Anytime you give up a kickoff return for a score, you aren't likely to win. The same goes for allowing a punt to be blocked for a touchdown.
Ohio State allowed both of those to happen today, dropping the TaxSlayer.com Gator Bowl to its university namesake 24-17 and concluding the 2011 season with its fourth consecutive loss.
The Buckeyes applied an appropriate capstone to this underwhelming season, deploying the same curiously ineffective play calling on offense and inconsistent execution on all three sides of the ball that contributed to a seven-loss season on what had been thought to be a title contender prior to the series of scandals that defined its 2011 season.
Prior to the 2011 season, Ohio State had two four-game losing streaks in its history: In 1943 after much of its roster left school to go fight in World War II, and in Ohio Stadium's inaugural season of 1922.
The only other time Ohio State has lost four straight was in 1922, the year Ohio Stadium opened.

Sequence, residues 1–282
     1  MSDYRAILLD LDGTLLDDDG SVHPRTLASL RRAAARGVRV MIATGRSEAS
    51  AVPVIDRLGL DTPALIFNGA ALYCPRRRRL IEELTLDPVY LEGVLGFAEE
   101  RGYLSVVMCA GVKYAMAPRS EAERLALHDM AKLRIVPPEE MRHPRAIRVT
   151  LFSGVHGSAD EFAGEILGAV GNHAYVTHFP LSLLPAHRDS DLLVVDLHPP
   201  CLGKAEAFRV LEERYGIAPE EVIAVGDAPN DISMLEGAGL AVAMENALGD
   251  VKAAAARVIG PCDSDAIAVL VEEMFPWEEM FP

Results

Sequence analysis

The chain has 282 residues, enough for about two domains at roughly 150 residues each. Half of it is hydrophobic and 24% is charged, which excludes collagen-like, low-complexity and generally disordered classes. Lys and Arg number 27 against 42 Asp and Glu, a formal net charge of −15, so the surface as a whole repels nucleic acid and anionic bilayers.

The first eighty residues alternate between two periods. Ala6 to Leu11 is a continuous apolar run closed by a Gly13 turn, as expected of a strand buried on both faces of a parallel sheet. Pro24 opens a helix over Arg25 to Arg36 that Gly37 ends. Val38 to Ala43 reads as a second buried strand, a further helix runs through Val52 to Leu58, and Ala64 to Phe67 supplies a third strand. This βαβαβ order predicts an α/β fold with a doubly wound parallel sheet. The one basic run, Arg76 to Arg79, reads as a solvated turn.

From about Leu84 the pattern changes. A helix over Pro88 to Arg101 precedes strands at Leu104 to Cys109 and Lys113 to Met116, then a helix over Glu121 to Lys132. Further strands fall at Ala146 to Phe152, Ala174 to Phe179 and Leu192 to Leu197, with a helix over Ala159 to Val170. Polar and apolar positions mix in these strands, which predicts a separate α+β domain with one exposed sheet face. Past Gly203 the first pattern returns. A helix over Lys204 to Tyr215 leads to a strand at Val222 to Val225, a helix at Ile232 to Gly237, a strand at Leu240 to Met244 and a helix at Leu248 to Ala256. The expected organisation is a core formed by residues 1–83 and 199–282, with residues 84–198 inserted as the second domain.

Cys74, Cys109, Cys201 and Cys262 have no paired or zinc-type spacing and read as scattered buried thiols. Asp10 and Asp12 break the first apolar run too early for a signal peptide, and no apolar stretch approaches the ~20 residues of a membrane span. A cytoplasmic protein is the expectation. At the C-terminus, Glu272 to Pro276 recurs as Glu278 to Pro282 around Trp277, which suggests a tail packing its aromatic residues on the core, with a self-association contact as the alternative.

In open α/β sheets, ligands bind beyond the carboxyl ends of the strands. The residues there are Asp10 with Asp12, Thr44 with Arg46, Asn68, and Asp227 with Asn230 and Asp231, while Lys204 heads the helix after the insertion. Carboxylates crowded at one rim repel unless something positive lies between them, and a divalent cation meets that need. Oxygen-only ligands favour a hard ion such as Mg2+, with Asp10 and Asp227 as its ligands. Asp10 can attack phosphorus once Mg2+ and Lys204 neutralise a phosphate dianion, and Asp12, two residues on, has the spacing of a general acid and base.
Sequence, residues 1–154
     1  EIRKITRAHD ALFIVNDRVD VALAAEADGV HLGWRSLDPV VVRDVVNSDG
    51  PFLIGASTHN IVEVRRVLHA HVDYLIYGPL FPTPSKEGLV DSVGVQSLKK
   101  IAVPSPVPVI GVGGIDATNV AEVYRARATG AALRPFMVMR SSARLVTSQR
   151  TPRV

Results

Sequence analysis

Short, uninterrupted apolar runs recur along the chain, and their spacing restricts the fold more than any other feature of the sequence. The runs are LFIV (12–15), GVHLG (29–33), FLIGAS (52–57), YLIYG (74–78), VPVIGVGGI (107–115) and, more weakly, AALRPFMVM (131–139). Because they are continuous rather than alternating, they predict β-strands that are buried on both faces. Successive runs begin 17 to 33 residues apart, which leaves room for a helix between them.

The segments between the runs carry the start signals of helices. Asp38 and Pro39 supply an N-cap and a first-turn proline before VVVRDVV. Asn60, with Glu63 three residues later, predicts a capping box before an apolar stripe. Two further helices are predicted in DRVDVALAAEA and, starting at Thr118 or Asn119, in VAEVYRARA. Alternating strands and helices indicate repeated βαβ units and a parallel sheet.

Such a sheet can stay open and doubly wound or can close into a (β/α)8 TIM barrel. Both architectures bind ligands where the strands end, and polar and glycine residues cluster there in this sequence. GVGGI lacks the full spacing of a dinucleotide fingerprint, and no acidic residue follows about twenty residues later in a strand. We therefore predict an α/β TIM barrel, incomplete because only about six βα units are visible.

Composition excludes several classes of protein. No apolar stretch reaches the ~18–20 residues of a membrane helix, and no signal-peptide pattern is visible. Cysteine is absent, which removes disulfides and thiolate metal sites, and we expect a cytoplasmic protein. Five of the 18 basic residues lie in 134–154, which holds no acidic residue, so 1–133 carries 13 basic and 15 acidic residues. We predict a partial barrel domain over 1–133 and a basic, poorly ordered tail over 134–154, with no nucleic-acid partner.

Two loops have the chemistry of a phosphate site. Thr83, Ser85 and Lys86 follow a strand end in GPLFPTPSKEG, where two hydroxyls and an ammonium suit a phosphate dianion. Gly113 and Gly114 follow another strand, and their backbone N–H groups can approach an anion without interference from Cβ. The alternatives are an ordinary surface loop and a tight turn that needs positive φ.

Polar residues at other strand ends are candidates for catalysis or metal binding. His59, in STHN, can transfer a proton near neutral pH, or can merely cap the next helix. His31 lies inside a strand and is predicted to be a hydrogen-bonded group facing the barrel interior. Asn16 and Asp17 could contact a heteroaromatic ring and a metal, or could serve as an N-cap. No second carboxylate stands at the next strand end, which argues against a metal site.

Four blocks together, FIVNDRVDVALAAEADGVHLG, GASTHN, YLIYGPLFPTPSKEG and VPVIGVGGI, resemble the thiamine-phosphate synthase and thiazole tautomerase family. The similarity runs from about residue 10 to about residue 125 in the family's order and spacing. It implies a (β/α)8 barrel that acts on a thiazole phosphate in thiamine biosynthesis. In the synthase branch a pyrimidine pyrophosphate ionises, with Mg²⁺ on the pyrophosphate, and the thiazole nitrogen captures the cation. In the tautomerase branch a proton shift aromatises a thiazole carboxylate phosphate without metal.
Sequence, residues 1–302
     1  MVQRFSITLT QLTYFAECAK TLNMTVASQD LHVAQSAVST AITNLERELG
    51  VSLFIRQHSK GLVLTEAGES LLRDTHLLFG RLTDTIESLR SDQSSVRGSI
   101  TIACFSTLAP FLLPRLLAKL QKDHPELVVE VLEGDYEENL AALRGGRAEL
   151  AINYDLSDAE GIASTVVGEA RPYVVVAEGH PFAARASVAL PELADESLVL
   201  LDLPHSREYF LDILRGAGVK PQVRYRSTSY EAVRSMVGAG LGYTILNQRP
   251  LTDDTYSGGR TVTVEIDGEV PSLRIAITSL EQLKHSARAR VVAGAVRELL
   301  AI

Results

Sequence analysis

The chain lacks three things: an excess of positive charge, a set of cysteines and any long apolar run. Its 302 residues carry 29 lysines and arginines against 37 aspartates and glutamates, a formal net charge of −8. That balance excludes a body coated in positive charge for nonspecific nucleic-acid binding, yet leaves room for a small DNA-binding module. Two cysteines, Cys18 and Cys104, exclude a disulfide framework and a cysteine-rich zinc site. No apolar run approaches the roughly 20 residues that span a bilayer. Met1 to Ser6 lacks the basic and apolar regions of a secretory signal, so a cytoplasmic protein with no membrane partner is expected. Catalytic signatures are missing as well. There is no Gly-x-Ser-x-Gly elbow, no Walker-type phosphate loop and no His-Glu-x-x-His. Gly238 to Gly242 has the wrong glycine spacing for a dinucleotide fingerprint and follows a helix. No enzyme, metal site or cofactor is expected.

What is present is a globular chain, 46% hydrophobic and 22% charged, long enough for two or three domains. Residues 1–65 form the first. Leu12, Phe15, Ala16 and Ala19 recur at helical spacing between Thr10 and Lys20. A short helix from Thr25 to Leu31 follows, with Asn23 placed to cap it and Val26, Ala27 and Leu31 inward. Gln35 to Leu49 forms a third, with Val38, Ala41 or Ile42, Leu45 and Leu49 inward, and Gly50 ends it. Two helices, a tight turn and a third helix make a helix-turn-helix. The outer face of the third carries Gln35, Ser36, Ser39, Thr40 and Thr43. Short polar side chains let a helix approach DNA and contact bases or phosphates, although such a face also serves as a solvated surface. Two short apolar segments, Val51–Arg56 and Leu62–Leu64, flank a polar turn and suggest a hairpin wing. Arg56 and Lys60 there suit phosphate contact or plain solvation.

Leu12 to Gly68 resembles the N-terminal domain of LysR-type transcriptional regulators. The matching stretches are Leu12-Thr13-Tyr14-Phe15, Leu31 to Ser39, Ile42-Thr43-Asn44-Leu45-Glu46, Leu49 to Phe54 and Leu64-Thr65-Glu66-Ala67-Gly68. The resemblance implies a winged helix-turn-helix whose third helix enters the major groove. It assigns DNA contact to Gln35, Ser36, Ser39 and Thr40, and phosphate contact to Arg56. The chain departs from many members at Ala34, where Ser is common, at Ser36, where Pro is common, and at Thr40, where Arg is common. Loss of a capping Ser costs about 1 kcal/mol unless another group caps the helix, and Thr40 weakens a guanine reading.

The Buckeyes were aware of those statistics, and of its 1-9* record in bowl games against SEC teams, but even from the opening kickoff a win did not seem to be in the cards for Ohio State.
That kickoff appeared to hit the goal line and bounced out of bounds inside the one-yard line, giving Florida its first scrimmage at the 40. That drive fizzled when on third down Florida QB Jeff Brantley was hit in the act of passing for what appeared to be an incompletion.
A booth review curiously determined that incompletion was a recovered fumble, even though it didn't appear that Ohio State recovered the ball as several whistles blew the play dead. Regardless, the Buckeyes took over where the Gators might have attempted a 42-yard field goal.
A late hit at the end of a nice Braxton Miller option run combined with two productive Boom Herron rushes flipped the field and put the Buckeyes on the Florida 37. Offensive coordinator Jim Bollman then abruptly decided to abandon the effective rushing game in favor for some pocket passing - Miller's very well-known weakness - resulting in a couple of sacks.